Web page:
Parathyroid hormone and vitamin D—markers for cardiovascular and all cause mortality in heart failure


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Abstract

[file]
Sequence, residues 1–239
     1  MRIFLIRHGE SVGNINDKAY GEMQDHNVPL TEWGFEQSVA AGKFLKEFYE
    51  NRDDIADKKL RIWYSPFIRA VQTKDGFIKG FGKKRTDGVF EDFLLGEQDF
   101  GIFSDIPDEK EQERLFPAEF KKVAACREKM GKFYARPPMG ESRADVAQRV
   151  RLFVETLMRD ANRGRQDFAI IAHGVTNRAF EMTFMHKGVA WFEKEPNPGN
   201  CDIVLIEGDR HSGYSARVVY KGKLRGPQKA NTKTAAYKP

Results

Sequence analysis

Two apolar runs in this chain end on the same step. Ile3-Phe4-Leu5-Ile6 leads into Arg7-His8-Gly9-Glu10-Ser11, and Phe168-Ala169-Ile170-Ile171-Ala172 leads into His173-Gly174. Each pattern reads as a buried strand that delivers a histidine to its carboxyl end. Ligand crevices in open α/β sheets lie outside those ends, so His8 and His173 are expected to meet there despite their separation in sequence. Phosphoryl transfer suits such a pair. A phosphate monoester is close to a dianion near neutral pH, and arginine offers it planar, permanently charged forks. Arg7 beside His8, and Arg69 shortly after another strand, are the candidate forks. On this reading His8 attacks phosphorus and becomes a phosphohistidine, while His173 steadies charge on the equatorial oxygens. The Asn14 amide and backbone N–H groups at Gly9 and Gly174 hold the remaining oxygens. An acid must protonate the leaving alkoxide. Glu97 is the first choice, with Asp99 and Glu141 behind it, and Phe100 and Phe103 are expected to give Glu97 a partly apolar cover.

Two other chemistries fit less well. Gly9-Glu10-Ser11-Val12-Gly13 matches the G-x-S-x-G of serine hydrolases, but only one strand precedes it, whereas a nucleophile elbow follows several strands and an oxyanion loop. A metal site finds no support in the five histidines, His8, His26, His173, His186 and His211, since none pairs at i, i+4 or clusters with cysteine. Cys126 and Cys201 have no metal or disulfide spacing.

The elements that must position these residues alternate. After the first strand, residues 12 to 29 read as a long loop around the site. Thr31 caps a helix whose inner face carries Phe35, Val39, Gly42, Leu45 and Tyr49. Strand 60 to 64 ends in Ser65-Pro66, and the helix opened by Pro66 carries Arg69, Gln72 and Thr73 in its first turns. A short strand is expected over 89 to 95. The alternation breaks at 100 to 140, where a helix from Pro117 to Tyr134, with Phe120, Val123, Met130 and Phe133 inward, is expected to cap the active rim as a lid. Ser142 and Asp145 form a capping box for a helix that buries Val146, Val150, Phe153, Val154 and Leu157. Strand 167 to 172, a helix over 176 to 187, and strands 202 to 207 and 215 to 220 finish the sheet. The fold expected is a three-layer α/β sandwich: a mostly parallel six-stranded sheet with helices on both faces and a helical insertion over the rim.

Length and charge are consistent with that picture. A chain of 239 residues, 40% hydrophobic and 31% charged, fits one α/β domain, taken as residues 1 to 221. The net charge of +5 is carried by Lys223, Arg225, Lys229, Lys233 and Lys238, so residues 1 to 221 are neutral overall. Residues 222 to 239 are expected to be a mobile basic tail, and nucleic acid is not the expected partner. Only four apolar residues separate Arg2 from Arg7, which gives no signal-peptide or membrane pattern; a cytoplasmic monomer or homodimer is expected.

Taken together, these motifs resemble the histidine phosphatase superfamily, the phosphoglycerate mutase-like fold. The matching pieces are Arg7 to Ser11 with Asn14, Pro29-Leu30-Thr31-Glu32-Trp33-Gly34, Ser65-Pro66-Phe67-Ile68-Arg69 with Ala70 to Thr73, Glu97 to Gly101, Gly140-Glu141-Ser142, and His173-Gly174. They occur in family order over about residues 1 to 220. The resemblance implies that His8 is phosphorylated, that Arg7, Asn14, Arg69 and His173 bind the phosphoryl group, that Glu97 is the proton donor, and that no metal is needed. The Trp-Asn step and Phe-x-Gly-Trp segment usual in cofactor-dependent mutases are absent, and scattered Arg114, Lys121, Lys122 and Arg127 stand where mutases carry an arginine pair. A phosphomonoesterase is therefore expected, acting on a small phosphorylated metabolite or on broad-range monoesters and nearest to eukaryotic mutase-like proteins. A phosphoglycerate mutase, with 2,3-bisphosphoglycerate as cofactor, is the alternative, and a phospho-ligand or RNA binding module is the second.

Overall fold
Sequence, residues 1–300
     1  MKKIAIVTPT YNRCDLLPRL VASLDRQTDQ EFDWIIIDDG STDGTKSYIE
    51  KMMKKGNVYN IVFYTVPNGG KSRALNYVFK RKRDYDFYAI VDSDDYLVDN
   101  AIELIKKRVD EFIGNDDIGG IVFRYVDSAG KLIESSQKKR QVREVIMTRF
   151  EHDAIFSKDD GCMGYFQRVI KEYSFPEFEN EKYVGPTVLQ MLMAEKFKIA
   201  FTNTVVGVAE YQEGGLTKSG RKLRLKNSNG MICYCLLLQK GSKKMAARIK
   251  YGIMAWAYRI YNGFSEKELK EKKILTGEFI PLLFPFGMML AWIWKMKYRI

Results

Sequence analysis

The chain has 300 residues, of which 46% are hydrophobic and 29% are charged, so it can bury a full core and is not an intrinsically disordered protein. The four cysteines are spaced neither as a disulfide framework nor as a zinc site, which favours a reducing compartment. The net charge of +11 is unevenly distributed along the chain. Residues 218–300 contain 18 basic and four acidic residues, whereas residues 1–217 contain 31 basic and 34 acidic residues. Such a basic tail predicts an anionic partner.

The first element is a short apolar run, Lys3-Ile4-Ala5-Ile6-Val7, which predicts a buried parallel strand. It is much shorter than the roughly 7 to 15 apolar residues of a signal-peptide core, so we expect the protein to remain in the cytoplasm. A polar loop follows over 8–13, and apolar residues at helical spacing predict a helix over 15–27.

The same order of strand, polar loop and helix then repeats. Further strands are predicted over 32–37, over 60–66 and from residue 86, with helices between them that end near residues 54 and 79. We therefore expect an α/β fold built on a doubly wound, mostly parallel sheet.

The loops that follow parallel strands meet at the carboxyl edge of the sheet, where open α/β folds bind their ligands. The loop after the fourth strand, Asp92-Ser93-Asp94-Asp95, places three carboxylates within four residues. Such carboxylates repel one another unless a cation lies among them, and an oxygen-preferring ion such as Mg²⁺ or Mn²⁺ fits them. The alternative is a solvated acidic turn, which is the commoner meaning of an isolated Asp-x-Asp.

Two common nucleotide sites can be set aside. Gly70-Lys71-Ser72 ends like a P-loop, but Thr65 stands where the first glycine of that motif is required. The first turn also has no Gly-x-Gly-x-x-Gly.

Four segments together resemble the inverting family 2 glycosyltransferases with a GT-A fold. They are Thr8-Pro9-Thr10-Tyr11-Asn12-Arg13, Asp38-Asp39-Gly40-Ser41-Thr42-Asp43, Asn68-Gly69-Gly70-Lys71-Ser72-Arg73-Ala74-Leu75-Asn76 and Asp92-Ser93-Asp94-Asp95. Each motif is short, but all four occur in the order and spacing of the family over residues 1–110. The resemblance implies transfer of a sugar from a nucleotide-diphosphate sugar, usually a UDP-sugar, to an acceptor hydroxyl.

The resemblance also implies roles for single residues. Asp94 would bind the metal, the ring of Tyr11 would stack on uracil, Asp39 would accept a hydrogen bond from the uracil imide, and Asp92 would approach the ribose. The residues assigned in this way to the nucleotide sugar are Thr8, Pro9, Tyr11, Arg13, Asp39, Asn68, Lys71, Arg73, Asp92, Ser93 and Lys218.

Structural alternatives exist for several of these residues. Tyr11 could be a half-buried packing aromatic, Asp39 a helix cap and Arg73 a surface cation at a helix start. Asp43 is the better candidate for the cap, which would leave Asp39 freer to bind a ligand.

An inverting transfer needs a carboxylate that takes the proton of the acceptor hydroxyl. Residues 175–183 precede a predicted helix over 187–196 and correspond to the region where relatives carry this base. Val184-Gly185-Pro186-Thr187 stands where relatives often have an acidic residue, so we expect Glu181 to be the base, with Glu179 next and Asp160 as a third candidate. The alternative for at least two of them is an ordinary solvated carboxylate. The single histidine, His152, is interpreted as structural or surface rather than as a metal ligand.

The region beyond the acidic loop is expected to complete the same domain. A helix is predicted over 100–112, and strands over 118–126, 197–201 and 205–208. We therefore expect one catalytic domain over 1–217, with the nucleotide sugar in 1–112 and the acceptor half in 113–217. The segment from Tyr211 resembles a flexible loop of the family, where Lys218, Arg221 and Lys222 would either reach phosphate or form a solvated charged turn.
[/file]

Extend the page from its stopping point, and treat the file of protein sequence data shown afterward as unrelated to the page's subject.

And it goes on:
AimsTo investigate levels of vitamin D and parathyroid hormone (PTH) in a population of heart failure (HF) patients, and to evaluate whether vitamin D and PTH are related to prognosis.Methods and resultsThis was a prospective study of 148 HF outpatients (mean age 68 years, 102 men) with follow-up for mortality after 3½ years. Levels of N-terminal pro-brain natriuretic peptide (NT-proBNP), PTH, 25-hydroxyvitamin D (25-OHD), and several other biomarkers were examined. Mortality and cardiovascular mortality were analysed in multivariable regression analyses adjusting for other independent prognostic variables. Vitamin D deficiency (≤50 nmol/L) was prevalent in 43% of the population; 26% had elevated PTH levels; none had primary hyperparathyroidism. We found a strong and independent significant association of both PTH and vitamin D to mortality, which was independent of other clinically important parameters [NT-proBNP, estimated glomerular filtration rate (eGFR), age, and left ventricular ejection fraction (LVEF)]. Both PTH and vitamin D were also significantly associated with all cause mortality. In an adjusted model, we found a hazard ratio of 1.9 (confidence interval 1.1–3.4) for vitamin D deficiency and 2.0 (1.0–3.8) for the upper median of PTH, respectively.ConclusionIn this relatively small prospective study, PTH and vitamin D were independently associated with all cause and cardiovascular mortality in patients with HF. This was independent of other known risk factors such as eGFR, LVEF, NT-proBNP, and age.

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